I am currently working on a 90 x 90 cm crepe de chine scarf. I’m combining a floral shape taken from the clematis and motifs that appear on the ornate robe of St Peter as depicted on the 15th-century Ranworth rood screen. At first glance you might assume that the motifs painted on this 15th-century panel were inspired by the surrounding flora and fauna of East Anglia. However, it is more likely they were copied from a pattern book that had been brought over from Northern Europe. It is even possible that these patterns were lifted from silk cloth woven in the northern cities of Italy such as Catanzaro and Lucca. And, some of these woven motifs were designs that had originated in China, migrating along the ‘Silk Road’ embedded in the rich silk cloth traded from the East to the West.
I read that the clematis armandii is native to China, but I don’t think this small flower shown on the St Peter’s robe is an ‘armandii’ motif, however I liked the idea of combining shapes from the 15th-century screen with a flower from my spring garden.
It is easy to believe with the power of the Internet that there is a Global Village, and, to some extent I think that we have never known so much about other people from across the planet. Yet, the word ‘village’ suggests a small community and community suggests personal knowledge of and interaction with individual people. We think we know about celebrities because so much of their everyday reality is displayed for the rest of us to consume. Despite the relentless pressure from the world of advertising and celebrity endorsements, I don’t think we believe we live in the same online village as celebrities. I do however sense that there are small villages of likeminded people clustering together in the blogging world.
Five hundred years ago in the small communities of East Anglia villagers knew each other, their roles, their status and their reputations, and the pre-Reformation parish churches provided a centre to their lives as well as their afterlives. These buildings were places where an individual would be remembered in the prayers of the community. In fifteenth-century Norfolk, artisans or decorators or painters or craftsmen (or creators or producers or makers), adorned the wooden rood screens of parish churches with painted representations of saints, prophets, and possibly benefactors. Members of the local community donated funds for a panel and asked to be remembered in the prayers of their fellow parishioners when they were dead. On the rood screen from the parish church of St Michael and All Angels, Aylsham, Norfolk, the following fragments can still be read along the bottom of the screen 500 years later;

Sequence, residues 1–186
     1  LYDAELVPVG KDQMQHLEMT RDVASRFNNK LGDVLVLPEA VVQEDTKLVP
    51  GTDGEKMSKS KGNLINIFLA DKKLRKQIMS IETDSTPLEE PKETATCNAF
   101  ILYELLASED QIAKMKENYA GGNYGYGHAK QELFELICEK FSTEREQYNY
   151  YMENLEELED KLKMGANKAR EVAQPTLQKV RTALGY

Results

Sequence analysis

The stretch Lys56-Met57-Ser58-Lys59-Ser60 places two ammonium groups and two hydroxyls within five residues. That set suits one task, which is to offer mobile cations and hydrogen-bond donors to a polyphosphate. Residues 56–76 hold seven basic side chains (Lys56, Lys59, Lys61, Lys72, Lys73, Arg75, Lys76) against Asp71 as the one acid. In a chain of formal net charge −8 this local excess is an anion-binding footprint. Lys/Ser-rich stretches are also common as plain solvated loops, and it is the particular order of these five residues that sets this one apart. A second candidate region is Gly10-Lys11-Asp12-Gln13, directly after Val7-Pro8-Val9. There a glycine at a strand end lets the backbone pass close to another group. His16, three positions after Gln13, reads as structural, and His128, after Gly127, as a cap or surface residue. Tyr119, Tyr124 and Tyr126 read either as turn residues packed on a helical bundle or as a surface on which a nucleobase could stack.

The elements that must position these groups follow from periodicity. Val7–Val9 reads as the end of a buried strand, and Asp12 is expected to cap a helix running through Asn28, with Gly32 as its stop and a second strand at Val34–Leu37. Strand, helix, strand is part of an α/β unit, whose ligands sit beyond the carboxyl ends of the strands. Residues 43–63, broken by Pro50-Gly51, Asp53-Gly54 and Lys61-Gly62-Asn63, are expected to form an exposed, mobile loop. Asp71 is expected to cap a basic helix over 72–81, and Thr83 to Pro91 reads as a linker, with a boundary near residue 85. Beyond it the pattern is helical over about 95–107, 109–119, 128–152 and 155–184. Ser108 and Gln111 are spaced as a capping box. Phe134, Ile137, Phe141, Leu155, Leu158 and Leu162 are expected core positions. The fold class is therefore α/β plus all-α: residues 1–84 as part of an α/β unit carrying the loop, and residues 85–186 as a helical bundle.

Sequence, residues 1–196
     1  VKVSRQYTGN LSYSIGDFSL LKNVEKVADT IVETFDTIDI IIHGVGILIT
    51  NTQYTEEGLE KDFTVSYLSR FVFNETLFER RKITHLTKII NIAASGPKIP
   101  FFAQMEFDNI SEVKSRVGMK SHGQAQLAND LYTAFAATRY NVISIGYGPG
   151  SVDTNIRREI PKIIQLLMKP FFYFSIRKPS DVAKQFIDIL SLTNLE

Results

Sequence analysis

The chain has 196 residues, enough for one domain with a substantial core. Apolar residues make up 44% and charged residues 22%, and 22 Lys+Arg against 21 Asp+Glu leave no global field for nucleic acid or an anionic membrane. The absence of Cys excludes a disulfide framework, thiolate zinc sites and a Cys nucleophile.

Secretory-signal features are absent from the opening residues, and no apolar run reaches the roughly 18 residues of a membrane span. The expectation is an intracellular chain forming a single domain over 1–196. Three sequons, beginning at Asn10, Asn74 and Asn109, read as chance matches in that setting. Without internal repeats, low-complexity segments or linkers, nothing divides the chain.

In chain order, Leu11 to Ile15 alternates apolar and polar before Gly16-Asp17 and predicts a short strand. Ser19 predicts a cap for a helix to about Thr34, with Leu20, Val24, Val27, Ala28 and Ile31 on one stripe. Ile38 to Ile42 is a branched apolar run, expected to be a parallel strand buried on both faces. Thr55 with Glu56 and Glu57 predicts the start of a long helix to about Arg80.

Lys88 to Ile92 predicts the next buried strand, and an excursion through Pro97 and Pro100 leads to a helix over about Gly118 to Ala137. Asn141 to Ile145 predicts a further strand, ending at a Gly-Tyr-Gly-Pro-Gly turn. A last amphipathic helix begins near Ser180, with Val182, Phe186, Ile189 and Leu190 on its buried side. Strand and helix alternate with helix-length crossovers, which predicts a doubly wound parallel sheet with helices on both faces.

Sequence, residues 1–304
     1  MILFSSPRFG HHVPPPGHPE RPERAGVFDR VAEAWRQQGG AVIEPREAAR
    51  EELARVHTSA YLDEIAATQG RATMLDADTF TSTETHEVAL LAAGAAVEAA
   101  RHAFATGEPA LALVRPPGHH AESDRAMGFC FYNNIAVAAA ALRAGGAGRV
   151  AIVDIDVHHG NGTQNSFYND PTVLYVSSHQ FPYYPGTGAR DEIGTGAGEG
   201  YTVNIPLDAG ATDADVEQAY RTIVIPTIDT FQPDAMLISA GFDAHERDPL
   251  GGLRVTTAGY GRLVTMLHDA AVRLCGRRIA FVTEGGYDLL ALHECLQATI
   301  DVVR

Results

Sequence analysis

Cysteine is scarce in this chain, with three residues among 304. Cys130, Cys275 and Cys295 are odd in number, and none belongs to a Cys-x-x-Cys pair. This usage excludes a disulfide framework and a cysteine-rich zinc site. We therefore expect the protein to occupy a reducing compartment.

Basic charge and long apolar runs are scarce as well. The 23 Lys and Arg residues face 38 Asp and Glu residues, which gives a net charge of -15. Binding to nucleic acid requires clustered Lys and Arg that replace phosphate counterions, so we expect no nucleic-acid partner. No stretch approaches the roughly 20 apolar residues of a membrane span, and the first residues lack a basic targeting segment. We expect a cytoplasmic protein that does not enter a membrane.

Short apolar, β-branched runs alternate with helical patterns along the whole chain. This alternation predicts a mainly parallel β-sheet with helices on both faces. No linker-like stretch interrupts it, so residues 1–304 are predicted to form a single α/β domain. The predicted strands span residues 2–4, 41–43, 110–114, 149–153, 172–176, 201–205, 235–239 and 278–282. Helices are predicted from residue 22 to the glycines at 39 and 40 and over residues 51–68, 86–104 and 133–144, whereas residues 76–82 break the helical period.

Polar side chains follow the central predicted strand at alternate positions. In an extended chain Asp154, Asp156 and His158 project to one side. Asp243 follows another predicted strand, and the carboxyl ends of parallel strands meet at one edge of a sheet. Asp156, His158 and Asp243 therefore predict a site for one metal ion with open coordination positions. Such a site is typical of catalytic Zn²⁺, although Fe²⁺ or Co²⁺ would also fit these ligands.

‘Pray for the souls of Thomas Wymer, Joan and Margaret his wives who caused this part ….. John Jannys …. of this work to be gilded who …. died 1507’.
There are a number of medieval parish churches in East Anglia which still have their fifteenth-century painted rood screens in place. The condition of the painting varies and there are some sublime surviving examples most famously St Helen’s, Ranworth, Norfolk and St Edmund’s, Southwold, Suffolk, but I chose this one at Aylsham as it possibly mentions one of the makers, an artisan. The surviving text can be interpreted with more than one meaning – did John Jannys do the gilding or pay for it? It is rare for pre-Renaissance makers to leave their name. Artisans worked locally and were known locally with the transference of style, skill and reputation spreading by the real life journey to the next village or the next county.
So, John Jannys, half a millennium later, we know your name and we can see you contributed something to the rood screen. You would be amazed at our globally interconnected world, but not surprised if you were an artisan that artisans are still trying to be recognised for their work only now they labour in the shadows of ‘artists’ and ‘designers’.
Here is a beautiful scarf I love by the French artisan Sophie Digard with this pertinent quote describing her work ‘French designer Sophie Digard creates artworks that beg to be touched’. (The highlighting is mine.)